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Library Explores Wichita’s Diverse Baseball History This Summer

Contact: Sean Jones, Wichita Public Library |

In celebration of baseball’s return to Wichita, the Wichita Public Library is partnering with Humanities Kansas, The Kansas African American Museum, Urban Professionals and other organizations to present “Wichita’s Diverse History of Baseball,” a Candid Conversations series that explores Wichita’s storied history of minority baseball, from the Negro Leagues to the Mexican American teams.

The series will feature several virtual programs highlighting Wichita’s diversity through the baseball lens, including a screening and discussion of “The Other Boys of Summer,” a discussion about Mexican American Baseball in Kansas, a program about how the NBC World Series led the way to baseball integration, and an exhibition game organized by the Wichita’s Urban Professionals.

“This series began after Library staff found a small article from a local newspaper, printed in 1925, about an exhibition game in which the local Monrovians played against the local Ku Klux Klan chapter,” said Sara Dixon, Adult Programming Manager at the Wichita Public Library. “It was such an interesting story, our Candid Conversations committee started to look deeper at Wichita’s rich history of minority baseball.”

The Library will team up with organizations to provide programming and informative exhibitions about the diverse history of baseball in Wichita. The Kansas African American Museum will present an exhibit called “Time at Bat: Negro League Baseball in Wichita” from June 1-July 3, 2021 that chronicles the sportsmanship, trials and triumphs of Negro baseball players in Wichita from the late 1800’s to the 1950’s.

“We want to tell a story about Negro League Baseball in Wichita that expands a singular game or team,” said Paris Cunningham, Curator at The Kansas African American Museum. “There was a greater spirit around the players, ball parks and games that made key moments like the Monrovian game so special, and we hope to capture that essence in this exhibit.”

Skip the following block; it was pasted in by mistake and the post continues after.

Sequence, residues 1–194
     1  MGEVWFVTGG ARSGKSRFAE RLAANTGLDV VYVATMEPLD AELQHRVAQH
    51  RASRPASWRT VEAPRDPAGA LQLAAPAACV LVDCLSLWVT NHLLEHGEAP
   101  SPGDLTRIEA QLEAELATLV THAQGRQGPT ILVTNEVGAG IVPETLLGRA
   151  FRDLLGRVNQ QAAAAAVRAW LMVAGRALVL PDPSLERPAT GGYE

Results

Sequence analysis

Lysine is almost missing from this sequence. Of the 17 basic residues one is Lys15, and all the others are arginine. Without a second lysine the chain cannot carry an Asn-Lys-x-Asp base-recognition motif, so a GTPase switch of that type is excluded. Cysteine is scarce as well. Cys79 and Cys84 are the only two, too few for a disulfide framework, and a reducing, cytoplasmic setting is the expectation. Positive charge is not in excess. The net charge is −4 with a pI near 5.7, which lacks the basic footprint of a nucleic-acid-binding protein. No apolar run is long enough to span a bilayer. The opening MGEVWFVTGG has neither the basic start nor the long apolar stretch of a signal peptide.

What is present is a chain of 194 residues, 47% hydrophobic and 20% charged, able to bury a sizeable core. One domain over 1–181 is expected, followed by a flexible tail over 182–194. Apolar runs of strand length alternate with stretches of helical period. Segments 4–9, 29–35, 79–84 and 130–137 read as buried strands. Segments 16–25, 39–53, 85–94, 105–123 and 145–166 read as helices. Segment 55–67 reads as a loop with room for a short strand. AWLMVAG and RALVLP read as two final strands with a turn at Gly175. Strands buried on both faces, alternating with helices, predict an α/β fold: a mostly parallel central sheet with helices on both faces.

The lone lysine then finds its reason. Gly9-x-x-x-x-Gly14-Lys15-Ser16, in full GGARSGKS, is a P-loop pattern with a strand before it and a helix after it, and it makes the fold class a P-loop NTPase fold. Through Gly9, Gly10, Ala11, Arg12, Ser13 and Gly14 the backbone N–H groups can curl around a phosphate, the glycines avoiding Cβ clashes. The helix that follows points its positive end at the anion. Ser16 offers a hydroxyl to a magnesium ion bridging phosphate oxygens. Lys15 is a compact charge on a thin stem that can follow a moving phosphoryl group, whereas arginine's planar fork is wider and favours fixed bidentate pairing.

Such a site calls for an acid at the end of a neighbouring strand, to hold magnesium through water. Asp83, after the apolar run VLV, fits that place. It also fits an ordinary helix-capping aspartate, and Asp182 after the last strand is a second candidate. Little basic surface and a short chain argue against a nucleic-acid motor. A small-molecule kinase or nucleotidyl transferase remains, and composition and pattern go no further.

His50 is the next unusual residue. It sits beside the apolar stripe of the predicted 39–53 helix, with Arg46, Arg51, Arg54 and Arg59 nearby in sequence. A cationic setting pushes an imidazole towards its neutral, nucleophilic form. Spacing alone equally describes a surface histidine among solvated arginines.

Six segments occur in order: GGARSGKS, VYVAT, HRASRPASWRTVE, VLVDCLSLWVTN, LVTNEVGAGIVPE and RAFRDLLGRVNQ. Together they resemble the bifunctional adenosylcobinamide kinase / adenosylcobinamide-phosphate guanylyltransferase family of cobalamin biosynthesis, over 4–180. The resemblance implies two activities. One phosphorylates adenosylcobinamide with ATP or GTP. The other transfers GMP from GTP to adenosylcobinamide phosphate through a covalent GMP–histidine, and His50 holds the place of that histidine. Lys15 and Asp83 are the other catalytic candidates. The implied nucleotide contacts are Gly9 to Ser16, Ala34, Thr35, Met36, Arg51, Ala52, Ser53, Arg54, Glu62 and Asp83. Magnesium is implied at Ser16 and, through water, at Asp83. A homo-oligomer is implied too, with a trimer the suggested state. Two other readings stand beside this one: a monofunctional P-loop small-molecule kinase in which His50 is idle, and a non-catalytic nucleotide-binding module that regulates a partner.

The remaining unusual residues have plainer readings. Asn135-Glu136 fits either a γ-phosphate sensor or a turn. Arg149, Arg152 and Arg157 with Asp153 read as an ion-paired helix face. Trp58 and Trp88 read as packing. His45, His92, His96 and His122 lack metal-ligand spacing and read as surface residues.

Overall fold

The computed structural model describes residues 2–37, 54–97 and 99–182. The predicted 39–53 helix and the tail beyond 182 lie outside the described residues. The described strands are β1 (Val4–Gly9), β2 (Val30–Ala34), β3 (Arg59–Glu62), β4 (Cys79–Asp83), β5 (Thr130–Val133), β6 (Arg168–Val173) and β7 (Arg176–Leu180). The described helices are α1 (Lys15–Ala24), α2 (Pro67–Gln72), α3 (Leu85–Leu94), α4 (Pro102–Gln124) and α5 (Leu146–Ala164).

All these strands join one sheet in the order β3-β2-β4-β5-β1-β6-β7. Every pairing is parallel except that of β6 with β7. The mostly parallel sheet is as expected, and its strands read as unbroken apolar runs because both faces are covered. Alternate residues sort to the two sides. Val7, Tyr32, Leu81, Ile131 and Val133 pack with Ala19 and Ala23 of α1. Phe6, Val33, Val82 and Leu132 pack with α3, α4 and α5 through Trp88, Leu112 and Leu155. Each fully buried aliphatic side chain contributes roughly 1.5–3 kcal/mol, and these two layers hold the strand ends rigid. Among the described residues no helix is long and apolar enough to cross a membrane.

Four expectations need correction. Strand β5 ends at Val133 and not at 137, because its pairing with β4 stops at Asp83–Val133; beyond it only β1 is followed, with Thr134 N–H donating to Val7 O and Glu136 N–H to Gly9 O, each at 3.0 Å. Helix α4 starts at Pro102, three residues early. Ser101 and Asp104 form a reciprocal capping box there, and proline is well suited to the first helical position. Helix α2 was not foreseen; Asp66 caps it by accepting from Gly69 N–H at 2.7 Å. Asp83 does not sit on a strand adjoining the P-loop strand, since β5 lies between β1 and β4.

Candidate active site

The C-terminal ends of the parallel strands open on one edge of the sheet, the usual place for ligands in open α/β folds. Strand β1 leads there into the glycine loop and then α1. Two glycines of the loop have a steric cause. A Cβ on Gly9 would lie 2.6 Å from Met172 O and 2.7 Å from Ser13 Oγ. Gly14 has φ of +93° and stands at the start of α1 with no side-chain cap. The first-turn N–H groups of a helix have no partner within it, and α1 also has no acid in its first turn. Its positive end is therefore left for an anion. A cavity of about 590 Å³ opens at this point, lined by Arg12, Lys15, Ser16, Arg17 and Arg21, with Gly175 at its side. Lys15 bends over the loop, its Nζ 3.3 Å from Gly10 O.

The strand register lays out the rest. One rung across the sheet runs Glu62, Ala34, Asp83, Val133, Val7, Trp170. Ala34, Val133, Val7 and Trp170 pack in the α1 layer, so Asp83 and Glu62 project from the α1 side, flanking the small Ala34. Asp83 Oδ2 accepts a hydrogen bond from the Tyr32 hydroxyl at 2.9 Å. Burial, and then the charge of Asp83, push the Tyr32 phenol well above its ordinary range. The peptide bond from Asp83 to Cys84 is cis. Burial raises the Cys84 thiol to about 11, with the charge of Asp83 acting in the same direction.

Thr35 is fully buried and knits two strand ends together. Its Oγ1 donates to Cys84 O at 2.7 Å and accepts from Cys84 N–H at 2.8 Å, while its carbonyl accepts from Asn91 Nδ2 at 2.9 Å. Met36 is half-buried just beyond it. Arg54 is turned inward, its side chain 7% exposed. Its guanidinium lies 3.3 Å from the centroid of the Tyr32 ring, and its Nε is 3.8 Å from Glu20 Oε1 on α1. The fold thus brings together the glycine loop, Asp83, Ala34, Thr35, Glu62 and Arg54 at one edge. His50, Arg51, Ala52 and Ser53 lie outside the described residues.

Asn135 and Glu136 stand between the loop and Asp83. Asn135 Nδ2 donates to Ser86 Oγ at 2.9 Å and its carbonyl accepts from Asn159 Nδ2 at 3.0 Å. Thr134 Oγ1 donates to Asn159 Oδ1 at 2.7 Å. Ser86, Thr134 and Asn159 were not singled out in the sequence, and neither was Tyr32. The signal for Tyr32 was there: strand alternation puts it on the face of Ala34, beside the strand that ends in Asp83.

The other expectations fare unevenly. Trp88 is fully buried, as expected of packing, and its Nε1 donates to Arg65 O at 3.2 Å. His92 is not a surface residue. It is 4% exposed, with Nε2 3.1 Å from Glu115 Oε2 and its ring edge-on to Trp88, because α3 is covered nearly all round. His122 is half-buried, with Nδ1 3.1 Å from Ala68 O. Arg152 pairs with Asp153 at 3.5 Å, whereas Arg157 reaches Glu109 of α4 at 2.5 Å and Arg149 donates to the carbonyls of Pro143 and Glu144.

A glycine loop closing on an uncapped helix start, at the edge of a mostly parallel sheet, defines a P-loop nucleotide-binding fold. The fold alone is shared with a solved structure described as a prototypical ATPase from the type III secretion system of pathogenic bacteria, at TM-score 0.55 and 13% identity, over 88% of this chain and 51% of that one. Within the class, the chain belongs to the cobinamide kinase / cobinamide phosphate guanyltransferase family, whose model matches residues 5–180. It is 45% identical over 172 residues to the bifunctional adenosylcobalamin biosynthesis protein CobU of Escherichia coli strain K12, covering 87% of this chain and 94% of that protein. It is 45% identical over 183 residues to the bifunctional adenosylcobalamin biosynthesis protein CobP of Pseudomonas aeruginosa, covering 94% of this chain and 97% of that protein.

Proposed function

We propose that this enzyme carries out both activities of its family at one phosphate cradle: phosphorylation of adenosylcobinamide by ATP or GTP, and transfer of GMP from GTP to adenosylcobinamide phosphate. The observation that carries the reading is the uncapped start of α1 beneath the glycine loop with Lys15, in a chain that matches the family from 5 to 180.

Representatives from Urban Professionals are planning an exhibition softball game at McAdams Park for July 11 at 6:00 p.m. Entitled Jim Crow Strikes Out, this goodwill exhibition game will feature a matchup pitting two teams of Wichita notables against each other.

A complete list of programs and exhibits, as well as historical data about baseball in Wichita, can be found at

This series is made possible through a grant from Humanities Kansas and by the Wichita Public Library Foundation.

Schedule of programs:

“The Other Boys of Summer” Film & Discussion

Saturday, June 12; 11 a.m.-12:30 p.m.; Wichita Public Library (online via Zoom)
“The Other Boys of Summer” explores civil rights in America through the lives of the Negro League baseball players. Emmy-nominated director Lauren Meyer will engage the audience in a dialogue about the story behind the film and answer questions about her research.

Time at Bat: Negro Baseball in Wichita

June 1-July 3; The Kansas African American Museum (exhibition)
“Time at Bat” is a free exhibition that chronicles the sportsmanship, trials and triumphs of Negro Baseball players in Wichita from the late 1800s to the 1950s. The exhibition will travel to different locations throughout the summer.

The Wichita Monrovians, Colored Western League

Thursday, June 17; Noon; The Kansas African American Museum (online via Facebook and YouTube)
John E. Dreifort, Ph.D., history professor at Wichita State University, will discuss the Wichita Monrovians baseball team and its big games, including the day they played Wichita’s Ku Klux Klan on Ackerman Island.

Mexican American Baseball in Kansas

Sunday, June 27; 2-3:30 p.m.; Wichita Public Library (online via Zoom)
From the 1930s to the 1950s, Mexican American immigrants worked the railroads in Kansas towns and created baseball leagues. Historian and author Raymond Olais will present the history of the Mexican American baseball teams in Kansas.

36 Teams in Wichita:
How the NBC World Series Led the Way to Baseball Integration

Thursday, July 8; 6-7 p.m.; Wichita Public Library (online via Zoom)
Baseball historian Phil Dixon will discuss the importance of the NBC World Series tournament and how it helped pave the way to racially integrated baseball nationwide.

Jim Crow Strikes Out! An Exhibition Game

Sunday, July 11; 6 p.m. (date/time tentative); McAdams Park Robert Thurman Field
Organized by the Urban Professionals, this softball game will celebrate Wichita’s history of baseball and the longstanding impact of the McAdam’s urban park.

“Shadow Ball” by Rochel G. Coleman

Wednesday, July 14; 6-7 p.m.; Wichita Public Library (online via Zoom)
“Shadow Ball” pays homage to the men who played in Negro League baseball and paints a picture of America’s suffering during the Great Depression through the eyes of baseball player Cool Papa Bell.

The Negro National League:
An 11-Year Journey Through the Stormy Seas of Pro Baseball

Tuesday, August 3; 6-7:30 p.m.; Wichita Public Library (online via Zoom)
Author Kevin L. Mitchell will discuss the early years of the Negro National Leagues post World War I and the climate that led to its formation and early years.

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